How students of Delhi explored their creative side in Covid
While Vanshika, a Delhi-based Class XI student, wanted to be useful during the epidemic because it was so tense, we were all locked in Covid-19. The student used Sarah Widdershins’ friendship and love story as a vehicle for her self-realization in order to turn her positivism into something practical. Now a book has been written based on this tale.
She is one of the many students who have made good utilization of the lockdown period and expressed their creative side to the world. At one of the recent National Progressive Schools Conference (NPSC) events, a group of private schools recognized the efforts of 24 student writers and decided to appreciate them. The chairperson of NPSC, Sudha Acharya, and the ITL public school’s principal have also appreciated how various students have consumed their time during the pandemic and made them useful in one way or another.
She also gave a special mention to the various beautiful stories, poems and books which the students wrote. For this event, they received various applications from which they were selected. Ashok Pandey, director of Ahlcon Schools, has also shed light on the fact that students have always been creative; it is just that with the extra time they got due to the shutdown of the schools in corona, they were exploring their creative side.
Hindus and Sikhs join together for the building of a Mosque
A very fascinating happened in the Muktsar village as people from different religions, Sikhism and Hinduism, came together to build a mosque. This gesture by the Hindu and Sikh resident of the Khunan Khurd Village in Punjab among the communal rhetoric proves the sense of brotherhood and social harmony that resides among the people there.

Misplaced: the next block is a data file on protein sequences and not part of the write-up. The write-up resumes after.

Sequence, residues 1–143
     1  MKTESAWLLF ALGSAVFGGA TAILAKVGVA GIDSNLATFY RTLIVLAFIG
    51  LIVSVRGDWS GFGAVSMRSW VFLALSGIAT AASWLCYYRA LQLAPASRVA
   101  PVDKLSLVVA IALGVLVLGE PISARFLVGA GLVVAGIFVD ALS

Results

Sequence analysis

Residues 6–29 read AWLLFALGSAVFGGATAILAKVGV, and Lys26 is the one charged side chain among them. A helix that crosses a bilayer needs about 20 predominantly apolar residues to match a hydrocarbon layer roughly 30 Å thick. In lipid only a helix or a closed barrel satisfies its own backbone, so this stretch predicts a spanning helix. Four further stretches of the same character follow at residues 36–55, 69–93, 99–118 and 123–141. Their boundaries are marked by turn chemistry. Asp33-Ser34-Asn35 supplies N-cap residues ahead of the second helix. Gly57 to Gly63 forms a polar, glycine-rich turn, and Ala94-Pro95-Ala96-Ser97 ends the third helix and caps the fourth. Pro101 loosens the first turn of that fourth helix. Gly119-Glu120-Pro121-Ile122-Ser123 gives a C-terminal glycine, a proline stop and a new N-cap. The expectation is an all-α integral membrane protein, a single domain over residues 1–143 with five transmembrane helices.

These two communities have decided to come together and contribute money for the building material required for the building of the mosque. One of the other reasons why building this mosque is unique rather than the everyday togetherness of people from two different communities is that it is being built by five Muslim families who reside in the village as they have no other place to offer namaz.
After the building of the mosque was complete, the village residents came together and joined the Muslims for the mosque’s inauguration. These villages also offered siropas, referred to as the robes of honour, to the Muslims. With this mosque, Muslim families could offer their first namaz in their newly-built mosque in the presence of all villagers. Only five Muslim families were in the village, and they had no place to offer their namaz.
The waqf board provided a small piece of land, but the families still lacked the resources to construct the mosque; thus, the village residents from the Hindu and Sikh communities came together and offered them their help. With their help, these families were able to complete the construction of the mosque. All the people happily came together for their help and joined the festivities.